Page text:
function, we can now start creating a grid of hexagons, but first, we need to learn a bit more theory about how hexagons fit together. We want to arrange hexagons in such a way that there's no gaps in between them. The image below demonstrates how the grid should be laid out. Notice that the canvas origin is located at the top-left corner of the hexagon grid at the coordinate, `(0, 0)`

.

In order to draw this grid, we need to figure out where to place the center point of each hexagon. They will all have a coordinate that is relative to the origin, `(0, 0)`

. Let's zoom in on the top-left corner of the graph to calculate the distance between each hexagon's center point.

In a regular hexagon, the radius, `r`

, of a hexagon is equal to the length of its side. Therefore, we can determine that the distance between the top and middle hexagon along the x-direction is equal to `1.5 * r`

. The distance along the y-direction is equal to `0.5 * h`

where `h`

is the height of the hexagon. Recall from the unit circle mentioned earlier in this tutorial that half the height of a hexagon is simply `r * sin(60°)`

, which is equal to `r * √3/2`

or `0.5 * r * √3`

.

The image below shows the coordinates of a possible hexagon grid layout. Observe this image carefully. Each column has a very noticeable pattern: the x-coordinate is the same for each hexagon of the same column. However, each "row" of the hexagon grid forms a zigzag pattern and doesn't line up in a straight line. The hexagons alternate their y-coordinate by an offset of `0.5 * h`

.

You may be thinking, "How am I going to code this? Is it still possible to create a nested for-loop that draws a grid of hexagons?" The answer is "Yes, it is!" But, it requires identifying some interesting patterns. Let's start drawing the first "zigzag" row of hexagons to see if we can notice a pattern.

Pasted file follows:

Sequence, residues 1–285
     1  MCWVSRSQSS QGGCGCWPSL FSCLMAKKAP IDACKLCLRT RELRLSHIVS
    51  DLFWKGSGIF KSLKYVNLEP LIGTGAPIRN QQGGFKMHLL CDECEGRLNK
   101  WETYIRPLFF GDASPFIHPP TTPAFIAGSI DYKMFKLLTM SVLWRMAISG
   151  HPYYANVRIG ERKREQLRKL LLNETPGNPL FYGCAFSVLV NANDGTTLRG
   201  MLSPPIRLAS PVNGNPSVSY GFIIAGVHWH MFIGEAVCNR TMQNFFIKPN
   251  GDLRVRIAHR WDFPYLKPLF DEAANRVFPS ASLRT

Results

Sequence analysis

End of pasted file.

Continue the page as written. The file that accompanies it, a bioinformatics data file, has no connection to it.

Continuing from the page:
```
/** @type {HTMLCanvasElement} */
const canvas = document.getElementById('canvas');
const ctx = canvas.getContext('2d');
const r = 50; // radius
function drawHexagon(a, b) {
ctx.beginPath();
for (let i = 0; i < 6; i++) {
ctx.lineTo(
a + r * Math.cos((i * Math.PI) / 3),
b + r * Math.sin((i * Math.PI) / 3)
);
}
ctx.closePath();
ctx.stroke();
ctx.beginPath();
ctx.arc(a, b, r * 0.1, 0, 2 * Math.PI);
ctx.fill();
}
drawHexagon(0, 0);
drawHexagon(1.5 * r, 0.5 * r * Math.sqrt(3));
drawHexagon(3 * r, 0);
drawHexagon(4.5 * r, 0.5 * r * Math.sqrt(3));
drawHexagon(6 * r, 0);
drawHexagon(7.5 * r, 0.5 * r * Math.sqrt(3));
drawHexagon(9 * r, 0);
drawHexagon(10.5 * r, 0.5 * r * Math.sqrt(3));
```

Running this code should create a result similar to the following image:

If we look back at our code, we can see that the x-coordinate increases by `1.5 * r`

as we move to the right. The y-coordinate alternates between zero and `0.5 * r * Math.sqrt(3)`

as we move to the right as well. We can easily write this code as a for-loop by checking whether our iteration variable, `i`

, is odd or even.

```
for (let i = 0; i < 8; i++) {
const x = 1.5 * r * i;
const y = i % 2 === 0 ? 0 : 0.5 * r * Math.sqrt(3);
drawHexagon(x, y);
}
```

If we replace all the `drawHexagon`

calls with this for-loop, then we should see the same result. Next, we need to draw the second row. Let's try drawing both the first and second zigzag rows without using any for-loops to see if we can notice another pattern.

```
/** @type {HTMLCanvasElement} */
const canvas = document.getElementById('canvas');
const ctx = canvas.getContext('2d');
const r = 50; // radius
function drawHexagon(a, b) {
ctx.beginPath();
for (let i = 0; i < 6; i++) {
ctx.lineTo(
a + r * Math.cos((i * Math.PI) / 3),
b + r * Math.sin((i * Math.PI) / 3)
);
}
ctx.closePath();
ctx.stroke();
ctx.beginPath();
ctx.arc(a, b, r * 0.1, 0, 2 * Math.PI);
ctx.fill();
}
// First zigzag row
drawHexagon(0, 0);
drawHexagon(1.5 * r, 0.5 * r * Math.sqrt(3));
drawHexagon(3 * r, 0);
drawHexagon(4.5 * r, 0.5 * r * Math.sqrt(3));
drawHexagon(6 * r, 0);
drawHexagon(7.5 * r, 0.5 * r * Math.sqrt(3));
drawHexagon(9 * r, 0);
drawHexagon(10.5 * r, 0.5 * r * Math.sqrt(3));
// Second zigzag row
drawHexagon(0, r * Math.sqrt(3));
drawHexagon(1.5 * r, 1.5 * r * Math.sqrt(3));
drawHexagon(3 * r, r * Math.sqrt(3));
drawHexagon(4.5 * r, 1.5 * r * Math.sqrt(3));
drawHexagon(6 * r, r * Math.sqrt(3));
drawHexagon(7.5 * r, 1.5 * r * Math.sqrt(3));
drawHexagon(9 * r, r * Math.sqrt(3));
drawHexagon(10.5 * r, 1.5 * r * Math.sqrt(3));
```

Notice the pattern yet? The second zigzag row is the same as the first row except that the y-coordinate now fluctuates between `r * Math.sqrt(3)`

and `1.5 * r * Math.sqrt(3)`

. Each hexagon in a zigzag row still fluctuates by a value of `0.5 * r * Math.sqrt(3)`

. Refer to the unit circle image shown earlier in this tutorial if you need to refresh on how the vertical spacing between hexagon centers was determined.

Given this knowledge, we should have enough info for creating an entire hexagon grid using a nested for-loop. Let's see how we can implement this in code:

```
for (let i = 0; i < 8; i++) {
for (let j = 0; j < 8; j++) {